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8 Chinese Street Food to Try At Least Once




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When in China, the number one thing to do is to eat your way around. As such a big country, travelling here is as much of a journey for the tastebuds as it is a history lesson. There are endless options when it comes to Chinese street food. From jiaozi to jianbing, here are some of the best Chinese street food you have to try.

1. Jiaozi (dumplings)

chinese street food - jiaozi
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Dumplings are common Chinese street food. Usually filled with veggies and meat, you’ll find these bite-sized parcels just about everywhere, from train stations to food markets. They are also very versatile, and you can find steamed, pan fried and deep fried versions. Shaped like ancient gold ingots, it is believed that eating dumplings will bring you good fortune. Today, making dumplings is a family-bonding activity, especially in the run-up to major festivals like Lunar New Year.

2. Baozi (steamed buns)

chinese street food - baozi
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If you’re out and about in the morning and spot locals swarming around puffs of billowing steam, chances are, you’re at a baozi stall. A popular breakfast item, baozi are steamed buns. They are heavier than jiaozi, so you’ll usually just need one or two. The best part about them is that they come with different kinds of filling, from savoury ones like meat and veggies, to sweet ones like red bean paste. 

3. Shaobing (baked flatbread)

chinese street food - shaobing
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Shaobing is a type of baked layered flatbread. Originating from Northern China, today you can find shaobing at different street stalls in China. In fact, different cities and towns have different types of shaobing! Shaobing can be made with or without filling, and with or without sesame seeds on top. A popular breakfast item, shaobing with filling is usually eaten with soy milk or tea, while unfilled ones usually go with steamed eggs or some breakfast meat dish.

4. Jianbing (Chinese crepe)

chinese street food - jianbing
Photo credit: tasteatlas.com

Jianbing is another common Chinese street food that’s eaten as breakfast. Like shaobing, the types of jianbing vary by city, though the main ingredients are generally the same. The batter is made of wheat and grain flour, eggs and sauces. It is fried on a griddle and topped with different fillings and sauces. Then, it is folded several times and served. As one of the most popular Chinese street food, jianbing has gone international in recent years. Outside of China, you can find them in London, Dubai, New York City, Sydney and more, sometimes with modifications to suit local tastes.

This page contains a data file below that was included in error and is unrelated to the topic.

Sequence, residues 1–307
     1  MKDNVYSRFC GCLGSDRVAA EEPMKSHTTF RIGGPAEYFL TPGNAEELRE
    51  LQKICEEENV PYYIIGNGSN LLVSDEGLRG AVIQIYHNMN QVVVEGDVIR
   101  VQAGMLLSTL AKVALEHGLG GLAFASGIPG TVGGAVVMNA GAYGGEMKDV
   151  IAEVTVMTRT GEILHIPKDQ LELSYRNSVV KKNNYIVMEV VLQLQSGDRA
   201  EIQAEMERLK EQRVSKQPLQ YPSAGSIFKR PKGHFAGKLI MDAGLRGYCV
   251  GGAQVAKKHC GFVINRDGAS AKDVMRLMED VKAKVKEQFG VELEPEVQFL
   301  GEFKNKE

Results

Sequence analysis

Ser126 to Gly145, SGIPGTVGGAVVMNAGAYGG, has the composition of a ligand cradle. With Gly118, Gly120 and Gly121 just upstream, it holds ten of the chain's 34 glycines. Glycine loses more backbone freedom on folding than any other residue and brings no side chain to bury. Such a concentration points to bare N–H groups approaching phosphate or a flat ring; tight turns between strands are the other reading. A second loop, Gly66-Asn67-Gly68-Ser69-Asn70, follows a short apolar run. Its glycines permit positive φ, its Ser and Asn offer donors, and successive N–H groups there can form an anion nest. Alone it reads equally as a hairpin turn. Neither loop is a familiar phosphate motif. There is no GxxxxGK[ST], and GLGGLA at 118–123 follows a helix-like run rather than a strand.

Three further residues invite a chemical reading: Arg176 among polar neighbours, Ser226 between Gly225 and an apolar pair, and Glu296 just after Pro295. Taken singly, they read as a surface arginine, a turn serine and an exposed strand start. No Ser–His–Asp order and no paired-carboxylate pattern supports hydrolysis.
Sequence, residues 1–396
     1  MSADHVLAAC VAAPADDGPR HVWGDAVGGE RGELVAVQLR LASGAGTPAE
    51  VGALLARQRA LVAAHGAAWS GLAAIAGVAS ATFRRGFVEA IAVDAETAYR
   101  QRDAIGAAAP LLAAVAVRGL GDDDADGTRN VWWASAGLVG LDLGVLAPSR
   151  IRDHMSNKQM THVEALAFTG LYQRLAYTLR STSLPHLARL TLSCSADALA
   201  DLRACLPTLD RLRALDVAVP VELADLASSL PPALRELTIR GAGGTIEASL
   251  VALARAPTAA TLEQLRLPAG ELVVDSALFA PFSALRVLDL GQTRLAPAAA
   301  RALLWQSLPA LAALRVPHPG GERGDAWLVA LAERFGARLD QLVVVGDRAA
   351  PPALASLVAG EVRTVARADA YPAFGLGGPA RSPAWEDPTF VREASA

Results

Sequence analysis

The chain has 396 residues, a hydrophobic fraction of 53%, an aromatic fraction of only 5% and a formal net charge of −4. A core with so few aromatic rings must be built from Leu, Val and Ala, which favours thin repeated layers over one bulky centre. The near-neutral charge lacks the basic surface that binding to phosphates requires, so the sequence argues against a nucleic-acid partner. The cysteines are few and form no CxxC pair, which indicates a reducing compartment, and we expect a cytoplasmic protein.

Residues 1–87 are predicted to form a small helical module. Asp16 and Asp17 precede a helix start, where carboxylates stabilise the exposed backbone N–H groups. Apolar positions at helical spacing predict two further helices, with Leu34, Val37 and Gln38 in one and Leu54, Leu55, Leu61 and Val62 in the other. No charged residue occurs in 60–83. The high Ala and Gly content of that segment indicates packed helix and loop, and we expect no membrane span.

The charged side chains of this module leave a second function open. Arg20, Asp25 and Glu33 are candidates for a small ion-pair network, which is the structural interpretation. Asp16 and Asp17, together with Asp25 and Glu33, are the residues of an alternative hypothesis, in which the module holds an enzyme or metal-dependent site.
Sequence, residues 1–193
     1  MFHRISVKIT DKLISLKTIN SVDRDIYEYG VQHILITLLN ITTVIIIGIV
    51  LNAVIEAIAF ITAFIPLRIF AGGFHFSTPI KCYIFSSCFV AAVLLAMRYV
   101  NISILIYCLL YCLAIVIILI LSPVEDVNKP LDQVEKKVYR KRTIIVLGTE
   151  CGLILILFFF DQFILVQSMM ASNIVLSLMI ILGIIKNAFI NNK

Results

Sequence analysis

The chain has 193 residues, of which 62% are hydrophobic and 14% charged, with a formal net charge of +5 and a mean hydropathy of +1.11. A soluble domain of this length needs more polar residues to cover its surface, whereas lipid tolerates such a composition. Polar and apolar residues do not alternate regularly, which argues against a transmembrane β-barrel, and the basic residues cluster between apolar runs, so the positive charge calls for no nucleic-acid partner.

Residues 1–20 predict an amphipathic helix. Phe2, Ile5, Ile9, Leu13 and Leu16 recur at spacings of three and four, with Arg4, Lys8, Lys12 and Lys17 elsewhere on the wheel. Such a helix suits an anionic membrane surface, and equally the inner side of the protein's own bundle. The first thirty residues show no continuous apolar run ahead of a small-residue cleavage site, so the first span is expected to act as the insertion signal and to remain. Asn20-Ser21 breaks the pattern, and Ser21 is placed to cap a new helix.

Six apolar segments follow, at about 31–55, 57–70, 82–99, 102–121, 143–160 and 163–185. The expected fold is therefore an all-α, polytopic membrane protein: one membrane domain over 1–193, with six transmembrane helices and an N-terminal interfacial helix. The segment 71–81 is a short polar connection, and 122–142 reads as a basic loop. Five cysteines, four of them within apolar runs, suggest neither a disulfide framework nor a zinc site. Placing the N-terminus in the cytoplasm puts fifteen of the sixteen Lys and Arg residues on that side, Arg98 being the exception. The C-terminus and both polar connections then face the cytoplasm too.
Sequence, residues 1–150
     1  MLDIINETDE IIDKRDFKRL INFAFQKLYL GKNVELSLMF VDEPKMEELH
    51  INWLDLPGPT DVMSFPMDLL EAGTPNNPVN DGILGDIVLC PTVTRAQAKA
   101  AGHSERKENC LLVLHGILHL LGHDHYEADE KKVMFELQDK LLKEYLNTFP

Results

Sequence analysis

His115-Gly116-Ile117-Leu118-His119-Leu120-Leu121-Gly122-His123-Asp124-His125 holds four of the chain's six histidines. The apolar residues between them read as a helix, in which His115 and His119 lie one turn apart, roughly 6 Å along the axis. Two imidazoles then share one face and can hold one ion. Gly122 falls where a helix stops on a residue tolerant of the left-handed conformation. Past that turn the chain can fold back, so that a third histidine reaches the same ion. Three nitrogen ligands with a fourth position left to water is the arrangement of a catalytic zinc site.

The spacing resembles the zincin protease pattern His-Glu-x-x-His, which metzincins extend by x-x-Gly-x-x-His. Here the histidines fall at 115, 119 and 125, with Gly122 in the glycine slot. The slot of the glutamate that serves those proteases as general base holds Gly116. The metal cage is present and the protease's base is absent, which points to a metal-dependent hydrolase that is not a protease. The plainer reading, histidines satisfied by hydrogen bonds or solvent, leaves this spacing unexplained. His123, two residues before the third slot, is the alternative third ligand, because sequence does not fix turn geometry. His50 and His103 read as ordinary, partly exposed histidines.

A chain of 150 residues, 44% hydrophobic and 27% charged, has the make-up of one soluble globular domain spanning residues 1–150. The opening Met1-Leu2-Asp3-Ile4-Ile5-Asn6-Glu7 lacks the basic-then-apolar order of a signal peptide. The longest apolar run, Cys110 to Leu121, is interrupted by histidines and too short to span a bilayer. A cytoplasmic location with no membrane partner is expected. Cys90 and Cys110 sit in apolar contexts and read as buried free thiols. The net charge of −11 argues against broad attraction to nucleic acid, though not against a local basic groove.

5. Roujiamo (Chinese burger)

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Roujiamo are kind of like the Western burger, except that the buns are thinner and the meat is flavoured with meat gravy and chilli paste. You won’t find any mustard or ketchup here! Originating from Shaanxi Province, roujiamo is usually made with pork, slow cooked for hours with over 20 spices and seasonings. There are some regional variations, for example in Muslim cities such as Xi’an the meat is usually beef, and in Gansu Province it is usually lamb.

6. Cong you bing (scallion pancake)

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Cong you bing are thin flatbreads layered with scallions and pan fried with oil. They are essentially the Chinese version of pancakes, but made with dough rather than batter, and savoury instead of sweet. It is fragrant with crisp edges yet also a chewy texture, thanks to the many layers that make up the interior. You can find cong you bing both as a street food item and also as a restaurant dish.

7. Chuan’r (kebabs)

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Chuan’r originated in the northwestern region of Xinjiang from the Chinese Islamic cuisine of the Uyghur people. It has since spread throughout the rest of the country, most notably in Beijing, Tianjin, Jinan and Jilin, where it is a popular street food. Like kebabs, marinated meat and veggies are grilled over charcoal fires until they are well cooked. They are traditionally made of lamb, but you can also find chicken, pork beef and seafood chuan’r.

8. Tanghulu (​​candied hawthorns)

Photo credit: yummymummykitchen.com

After all the carbs and savoury snacks, here’s a sweet Chinese street food. Tanghulu is a traditional snack from northern China. It has been around since the Song Dynasty and remains popular throughout northern China. They are traditionally made with hawthorns coated in a hardened sugar syrup, but street vendors have modernized it using other fruits such as grapes, strawberries, blueberries, mandarins, pineapples, kiwi and bananas. The exterior is crunchy and sweet, while the interior is soft and sour from the fruit.

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